Am I embarressed I pre-emptively posted a long story about being proud of myself and sticking to my mom-intuition and my kid overcame food allergies, and she didn’t? Well no. Because I was lead to believe she did. And this is a road I’ve never traveled before. I think I felt it was too good to be true then and was trying to convince myself of that. I’m going to continue to share this with you because it’s the easiest way to inform my family and friends of this crazy puzzle piece of a child we have, and hopefully find some other moms in similar situations.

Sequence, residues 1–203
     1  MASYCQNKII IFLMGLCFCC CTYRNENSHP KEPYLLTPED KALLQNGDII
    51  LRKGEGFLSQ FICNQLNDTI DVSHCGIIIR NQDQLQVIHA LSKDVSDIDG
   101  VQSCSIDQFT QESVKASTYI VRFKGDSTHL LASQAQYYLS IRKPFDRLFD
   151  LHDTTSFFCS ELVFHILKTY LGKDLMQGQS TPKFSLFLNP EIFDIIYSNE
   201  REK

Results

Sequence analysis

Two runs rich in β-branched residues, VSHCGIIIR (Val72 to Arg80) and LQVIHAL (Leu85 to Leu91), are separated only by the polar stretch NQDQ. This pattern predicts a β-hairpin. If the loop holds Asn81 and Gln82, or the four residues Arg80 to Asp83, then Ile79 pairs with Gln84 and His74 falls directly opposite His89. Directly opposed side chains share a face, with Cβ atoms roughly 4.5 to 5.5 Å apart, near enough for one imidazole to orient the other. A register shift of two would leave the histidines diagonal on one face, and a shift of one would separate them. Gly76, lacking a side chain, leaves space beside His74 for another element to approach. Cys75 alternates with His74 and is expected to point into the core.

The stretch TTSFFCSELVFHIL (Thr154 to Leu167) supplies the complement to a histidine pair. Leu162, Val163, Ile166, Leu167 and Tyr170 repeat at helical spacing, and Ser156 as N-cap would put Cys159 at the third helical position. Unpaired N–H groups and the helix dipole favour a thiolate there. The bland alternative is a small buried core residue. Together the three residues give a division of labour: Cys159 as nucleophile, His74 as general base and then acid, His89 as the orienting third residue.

I was crying in the car on the way home from CHOP, trying to hide it from Riley who picks up on everything… she goes “don’t cry mom, Isla will just grow out of it when she’s bigger.” I had my minute. I had a martini. I had a nap. I shared this part of my story which will continue and be another part of my parenting rollercoaster. I will wake up tomorrow, love my kids even harder, and not let this anxiety fill my bucket. Stress is a wicked monster that’s literally made me sick, and I refuse to live my life in fear. I have tools and knowledge to keep my kids safe and I will continue to protect them the best I can without letting my own health suffer.

Isla overcomes severe peanut allergies once and now has them again